Shares of Biogen Idec (NASDAQ:BIIB) are still climbing in the wake of the Food and Drug Administration’s (FDA) late-March approval of its promising oral multiple sclerosis drug Tecfidera.
In fact, the stock has gained 15% in the last month and 4% in the last week.
But while the stock has had a great run so far — and has strong legs for the drug development marathon — will it keep up? Let’s break down the bullish and bearish arguments.
The Approval: Biogen scored a big win with the Tecfidera approval on March 26, which classified the drug as first-line treatment for the disease, meaning it can be used for newly diagnosed patients.
Tecfidera is different than most MS treatments in that it activates Nrf2 — a powerful protein that basically sleeps inside every cell in the human body. When awakened (or activated), Nrf2 bonds to the DNA within a target cell and jump-starts the body’s own defenses against inflammation by helping shut down unstable chains of cell-damaging free radicals. Research suggests that Tecfidera also can boost the central nervous system’s ability to reduce other processes associated with MS.
The drug, which costs nearly $55,000 a year per patient, could net Biogen more than $3 billion in annual sales. The EU is also expected to hand down a decision on the drug in Q2.
Other Drugs: Biogen also boasts a deep portfolio of multiple sclerosis drugs; its three injectibles (Avonex, Tysabri and Rituxan) already account for the lion’s share of the company’s $5 billion in annual sales. Last week, BIIB announced positive phase 2 clinical trial results for its developmental MS drug daclizumab, noting that it significantly reduced brain lesions in patients with the relapsing-remitting form of the disease. In addition to its MS drugs, BIIB has a promising hemophilia A treatment in its drug pipeline.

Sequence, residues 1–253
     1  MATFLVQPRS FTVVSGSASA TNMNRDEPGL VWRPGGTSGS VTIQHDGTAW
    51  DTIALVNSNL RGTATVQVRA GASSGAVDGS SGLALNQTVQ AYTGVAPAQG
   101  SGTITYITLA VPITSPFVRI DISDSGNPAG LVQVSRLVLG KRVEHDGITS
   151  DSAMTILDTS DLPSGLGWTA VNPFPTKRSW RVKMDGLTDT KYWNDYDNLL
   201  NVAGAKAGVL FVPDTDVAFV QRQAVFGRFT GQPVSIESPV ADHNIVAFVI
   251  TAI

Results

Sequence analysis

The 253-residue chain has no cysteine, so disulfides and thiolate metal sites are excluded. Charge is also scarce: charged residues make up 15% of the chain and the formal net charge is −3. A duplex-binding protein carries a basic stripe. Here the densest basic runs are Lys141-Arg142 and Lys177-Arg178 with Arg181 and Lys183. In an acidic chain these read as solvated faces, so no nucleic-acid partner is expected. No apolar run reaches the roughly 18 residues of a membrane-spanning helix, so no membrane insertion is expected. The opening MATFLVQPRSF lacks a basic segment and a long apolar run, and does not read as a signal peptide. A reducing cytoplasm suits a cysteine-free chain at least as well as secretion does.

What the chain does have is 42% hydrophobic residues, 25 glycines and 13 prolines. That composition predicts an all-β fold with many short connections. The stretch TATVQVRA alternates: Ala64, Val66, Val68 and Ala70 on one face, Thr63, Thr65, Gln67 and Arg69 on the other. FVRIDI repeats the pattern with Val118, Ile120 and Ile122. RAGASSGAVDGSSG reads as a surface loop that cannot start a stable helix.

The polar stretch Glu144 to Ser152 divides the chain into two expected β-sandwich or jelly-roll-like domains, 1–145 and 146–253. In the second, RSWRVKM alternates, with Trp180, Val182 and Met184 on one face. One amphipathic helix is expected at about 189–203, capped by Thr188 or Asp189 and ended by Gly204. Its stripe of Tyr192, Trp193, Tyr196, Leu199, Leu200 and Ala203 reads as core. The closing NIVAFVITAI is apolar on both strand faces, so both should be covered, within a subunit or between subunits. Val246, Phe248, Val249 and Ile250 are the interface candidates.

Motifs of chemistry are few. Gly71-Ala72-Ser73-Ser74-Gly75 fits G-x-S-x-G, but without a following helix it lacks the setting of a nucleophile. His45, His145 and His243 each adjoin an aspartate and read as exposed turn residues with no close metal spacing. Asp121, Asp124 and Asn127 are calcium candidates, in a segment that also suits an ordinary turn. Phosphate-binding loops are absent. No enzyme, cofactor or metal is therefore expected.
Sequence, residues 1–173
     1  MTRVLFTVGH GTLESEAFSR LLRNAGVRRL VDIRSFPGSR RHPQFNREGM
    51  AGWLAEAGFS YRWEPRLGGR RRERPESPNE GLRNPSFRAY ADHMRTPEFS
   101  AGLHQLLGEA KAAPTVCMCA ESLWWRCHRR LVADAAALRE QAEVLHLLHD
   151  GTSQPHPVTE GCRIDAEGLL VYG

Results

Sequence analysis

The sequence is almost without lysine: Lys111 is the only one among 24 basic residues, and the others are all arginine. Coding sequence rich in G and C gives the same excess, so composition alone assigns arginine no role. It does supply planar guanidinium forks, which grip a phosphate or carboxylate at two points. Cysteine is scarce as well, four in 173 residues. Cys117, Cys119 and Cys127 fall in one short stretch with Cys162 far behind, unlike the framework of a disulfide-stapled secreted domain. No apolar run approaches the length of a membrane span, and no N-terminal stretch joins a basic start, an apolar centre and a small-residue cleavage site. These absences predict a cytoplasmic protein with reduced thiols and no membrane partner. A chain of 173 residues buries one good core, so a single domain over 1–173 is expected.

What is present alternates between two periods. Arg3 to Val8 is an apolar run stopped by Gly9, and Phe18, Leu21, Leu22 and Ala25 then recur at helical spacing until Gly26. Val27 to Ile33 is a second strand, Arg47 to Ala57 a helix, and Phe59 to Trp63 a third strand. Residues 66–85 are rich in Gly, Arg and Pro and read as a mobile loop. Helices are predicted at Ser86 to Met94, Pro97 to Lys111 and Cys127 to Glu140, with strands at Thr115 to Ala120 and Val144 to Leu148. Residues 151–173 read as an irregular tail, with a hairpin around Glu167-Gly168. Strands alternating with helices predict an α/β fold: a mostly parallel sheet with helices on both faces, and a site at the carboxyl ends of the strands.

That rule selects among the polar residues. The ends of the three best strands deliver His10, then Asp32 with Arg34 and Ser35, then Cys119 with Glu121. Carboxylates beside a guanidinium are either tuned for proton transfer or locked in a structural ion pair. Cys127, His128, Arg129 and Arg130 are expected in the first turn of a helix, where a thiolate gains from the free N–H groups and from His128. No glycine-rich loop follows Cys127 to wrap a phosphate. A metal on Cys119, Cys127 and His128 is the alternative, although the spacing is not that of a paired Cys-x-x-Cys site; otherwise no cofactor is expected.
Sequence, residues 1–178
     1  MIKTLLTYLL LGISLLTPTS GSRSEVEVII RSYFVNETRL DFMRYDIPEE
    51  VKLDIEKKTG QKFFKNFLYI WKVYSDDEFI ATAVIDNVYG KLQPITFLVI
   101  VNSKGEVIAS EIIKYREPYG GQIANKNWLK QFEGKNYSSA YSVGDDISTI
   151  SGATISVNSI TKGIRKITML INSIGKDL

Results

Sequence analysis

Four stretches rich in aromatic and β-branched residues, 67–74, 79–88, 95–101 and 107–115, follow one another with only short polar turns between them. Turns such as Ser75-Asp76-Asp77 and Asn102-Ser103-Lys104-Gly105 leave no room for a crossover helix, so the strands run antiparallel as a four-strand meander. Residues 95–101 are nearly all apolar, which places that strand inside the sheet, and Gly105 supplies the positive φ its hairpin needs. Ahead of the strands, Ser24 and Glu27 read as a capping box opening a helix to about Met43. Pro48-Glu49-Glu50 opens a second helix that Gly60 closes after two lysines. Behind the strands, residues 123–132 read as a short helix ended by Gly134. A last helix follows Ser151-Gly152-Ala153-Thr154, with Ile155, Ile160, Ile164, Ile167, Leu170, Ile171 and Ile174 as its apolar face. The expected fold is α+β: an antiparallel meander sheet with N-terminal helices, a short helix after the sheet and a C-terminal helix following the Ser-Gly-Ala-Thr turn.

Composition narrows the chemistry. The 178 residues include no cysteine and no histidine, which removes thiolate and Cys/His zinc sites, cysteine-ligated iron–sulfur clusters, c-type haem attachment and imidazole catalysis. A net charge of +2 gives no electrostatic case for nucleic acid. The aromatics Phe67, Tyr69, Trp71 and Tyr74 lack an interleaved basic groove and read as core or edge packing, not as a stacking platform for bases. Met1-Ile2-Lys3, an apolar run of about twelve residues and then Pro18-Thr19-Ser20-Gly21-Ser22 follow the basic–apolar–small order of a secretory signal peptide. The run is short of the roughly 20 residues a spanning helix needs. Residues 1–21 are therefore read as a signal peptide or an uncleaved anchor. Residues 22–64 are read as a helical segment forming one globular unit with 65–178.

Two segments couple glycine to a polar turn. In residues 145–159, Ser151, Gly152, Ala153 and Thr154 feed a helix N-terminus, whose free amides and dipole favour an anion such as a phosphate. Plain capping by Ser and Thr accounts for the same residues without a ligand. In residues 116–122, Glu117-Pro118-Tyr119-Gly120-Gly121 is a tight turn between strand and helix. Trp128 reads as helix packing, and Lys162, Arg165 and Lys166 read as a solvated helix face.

Good Ratings: Overall, analysts have a “Buy” rating on the stock. RBC Capital on Tuesday maintained an “Outperform” rating on Biogen and raised its price target from $180 to $215. JMP Securities initiated coverage of the stock on March 28 at “Market Outperform” with a price target of $203.
Competition: Biogen is not the only company focused on MS treatments … and the competition is certain to heat up. San Francisco-based Receptos, which filed for an $86.3 million IPO last week, is in Phase 2 trials with a promising oral drug; top line results in the trial are expected in mid-2014. And while drug pipelines are no sure bet, Receptos is being bankrolled by a couple of Big Pharma’s biggest guns: Eli Lilly (NYSE:LLY) and Johnson & Johnson’s (NYSE:JNJ) Ortho McNeil Janssen unit.
Plus, the market already includes other pill-based MS treatments: Novartis’ (NYSE:NVS) Gilenya as well as Aubagio from Sanofi’s (NYSE:SNY) Genzyme unit.
Valuation: At around $200, BIIB has gained 60% in the past year and set another 52-week high. Thus, it has a PEG ratio of 1.37 and a forward P/E of 21, both indicating that it’s overvalued. That P/E is higher than biopharma peers Celgene (NASDAQ:CELG) and Gilead Sciences (NASDAQ:GILD) which hover around 18. Plus, Novartis and Sanofi trade at the far lower multiples of 13 and 8 respectively.
Bearish Options: Options traders appear to be betting against the stock in the short run, according to a report from Schaffer’s Investment Research on Monday. There are nearly twice as many puts than calls on options set to expire in the next three months.
With both sides laid out, the only question that remains is that of the verdict. All in all, there’s a lot to like about Biogen. It has a powerful MS franchise, a promising new candidate for the hemophilia A treatment market and the Nrf2 element of Tecfidera potentially has broader applications for other tough-to-treat conditions that ravage the central nervous system.
Such strengths definitely outweigh competition and other bearish factors. In the end, Biogen still looks attractive despite the run-up … but investors shouldn’t expect too much in the short-term.
As of this writing, Susan J. Aluise did not hold a position in any of the aforementioned securities.